Last Updated on May 7, 2021
One of the best reasons to buy a new computer is to avoid all the headaches associated with an aging machine. An old computer may not have the storage capacity to hold all your files or the processing power and memory to run your work-related software or play your favorite entertainment programs.
An old machine may also carry its share of malicious software such as adware, spyware, and perhaps a virus or two. Getting rid of such potentially unwanted programs isn’t always easy. Many people simply replace an infected computer after fruitless attempts to clean it.
When you bring home a factory-fresh new machine, you don’t expect it to have a malware infection. While it’s improbable for your new system to have a new comp virus — it may have a different type of malicious software lurking underneath.
What’s the Difference Between a Virus and Malware?
Before we dig into what type of malware your new computer may have, it’s critical to understand the difference between viruses and malware. A computer virus is a destructive program designed to delete your files and folders; however, it’s only one kind of malware.
Known viruses are less of a threat nowadays because they’re less sneaky and can be quickly remediated with signature-based technology. Other malware such as adware, spyware, etc., silently reside on your system and are challenging to remediate.
What Type of Malware Infections Do New Computers Have?
Unfortunately, some renowned retailers and computer manufacturers install malware on computers like adware and even spyware from their marketing partners to generate revenue. Such malware spy on your activity and sends your data to third parties without your consent. Adware and spyware can also slow down your computer, bombard your screen with pop-ups, and use up your Internet connection.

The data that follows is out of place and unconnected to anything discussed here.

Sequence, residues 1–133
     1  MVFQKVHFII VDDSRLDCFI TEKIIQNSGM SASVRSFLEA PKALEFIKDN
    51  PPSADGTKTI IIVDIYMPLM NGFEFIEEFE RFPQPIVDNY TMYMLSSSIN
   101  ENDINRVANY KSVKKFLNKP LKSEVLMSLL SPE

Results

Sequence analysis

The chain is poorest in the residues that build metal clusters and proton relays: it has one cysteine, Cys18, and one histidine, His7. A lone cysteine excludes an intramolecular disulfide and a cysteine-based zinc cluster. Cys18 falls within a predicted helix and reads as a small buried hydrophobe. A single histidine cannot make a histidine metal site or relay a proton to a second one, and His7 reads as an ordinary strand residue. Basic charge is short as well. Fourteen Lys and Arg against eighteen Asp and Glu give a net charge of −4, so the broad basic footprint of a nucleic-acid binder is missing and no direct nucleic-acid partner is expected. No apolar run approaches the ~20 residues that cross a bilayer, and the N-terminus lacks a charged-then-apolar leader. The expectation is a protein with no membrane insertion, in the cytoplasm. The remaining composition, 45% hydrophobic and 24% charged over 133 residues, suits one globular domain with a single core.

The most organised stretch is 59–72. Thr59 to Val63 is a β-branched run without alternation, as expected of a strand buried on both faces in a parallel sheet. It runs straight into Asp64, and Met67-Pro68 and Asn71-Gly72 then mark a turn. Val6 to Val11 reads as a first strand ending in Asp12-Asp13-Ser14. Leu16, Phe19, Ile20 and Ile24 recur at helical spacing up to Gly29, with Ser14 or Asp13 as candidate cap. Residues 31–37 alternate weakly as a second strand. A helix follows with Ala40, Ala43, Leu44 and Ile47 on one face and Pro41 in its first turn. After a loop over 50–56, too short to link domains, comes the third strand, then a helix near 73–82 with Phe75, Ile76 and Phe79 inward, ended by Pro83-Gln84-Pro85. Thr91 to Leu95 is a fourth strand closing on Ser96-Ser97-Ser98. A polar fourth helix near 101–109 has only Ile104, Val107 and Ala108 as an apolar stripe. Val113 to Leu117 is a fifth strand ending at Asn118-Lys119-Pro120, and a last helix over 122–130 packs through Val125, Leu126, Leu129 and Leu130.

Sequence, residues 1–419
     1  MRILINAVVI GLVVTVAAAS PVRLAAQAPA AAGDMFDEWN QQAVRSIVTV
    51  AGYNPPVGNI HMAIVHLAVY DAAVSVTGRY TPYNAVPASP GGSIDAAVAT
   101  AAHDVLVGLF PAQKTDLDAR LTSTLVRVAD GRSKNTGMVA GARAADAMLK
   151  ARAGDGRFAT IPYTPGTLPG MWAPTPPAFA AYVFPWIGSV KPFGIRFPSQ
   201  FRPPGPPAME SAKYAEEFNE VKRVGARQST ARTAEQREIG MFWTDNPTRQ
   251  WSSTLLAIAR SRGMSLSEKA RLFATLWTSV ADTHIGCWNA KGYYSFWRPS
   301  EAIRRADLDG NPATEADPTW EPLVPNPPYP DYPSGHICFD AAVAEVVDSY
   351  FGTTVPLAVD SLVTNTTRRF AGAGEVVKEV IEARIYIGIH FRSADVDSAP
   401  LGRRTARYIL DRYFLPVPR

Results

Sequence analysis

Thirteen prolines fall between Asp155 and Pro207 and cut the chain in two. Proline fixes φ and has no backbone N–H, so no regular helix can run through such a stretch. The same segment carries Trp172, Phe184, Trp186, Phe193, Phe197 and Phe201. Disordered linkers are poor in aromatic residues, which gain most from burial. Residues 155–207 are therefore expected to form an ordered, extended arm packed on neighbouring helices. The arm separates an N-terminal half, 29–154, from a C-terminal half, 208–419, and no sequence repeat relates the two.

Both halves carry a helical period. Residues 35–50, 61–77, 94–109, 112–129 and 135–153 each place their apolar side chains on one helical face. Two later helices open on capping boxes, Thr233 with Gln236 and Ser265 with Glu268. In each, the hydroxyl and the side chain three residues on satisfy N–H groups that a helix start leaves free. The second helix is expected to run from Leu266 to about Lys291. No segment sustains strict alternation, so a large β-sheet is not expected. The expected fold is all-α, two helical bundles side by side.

Usually, the malware is hidden in ‘free’ preinstalled programs called bloatware. Bloatware, also known as crapware, is useless as it expires quickly and doesn’t offer too many features. It’s a good idea to uninstall most trial run programs as soon as you buy a new computer. However, it’s OK to keep software directly associated with your computer, such as tools from Intel, Apple, Dell, HP, etc.
Some bloatware is challenging to remove. To ensure that all malware is out of your new computer, please use advanced antivirus software with anti-malware technology for the best results. You can also try a free program like AdwCleaner that can remove adware, toolbars, and other potentially unwanted programs (PUP) from your system.
Both Macs and PCs Get Viruses
It’s a myth that only PCs get viruses. Macs get viruses and other malware infections too. Apple started the legend in a series of ad campaigns that began in 2006. Although Macs are more secure than Windows-powered PCs because of Apple’s ecosystem, malware attacks against Macs are increasing quickly.
One report from a cybersecurity team found that threats against Macs now outpace Windows per endpoint user. Additionally, researchers were shocked to find nearly 40,000 Macs infected with the Silver Sparrow virus, including computers powered by the new M1 ARM64 architecture.
Please download and run top-of-the-line anti-malware software, whether you bought a new Mac or a new Windows-powered system. Your new computer’s security, privacy, and performance may depend on it.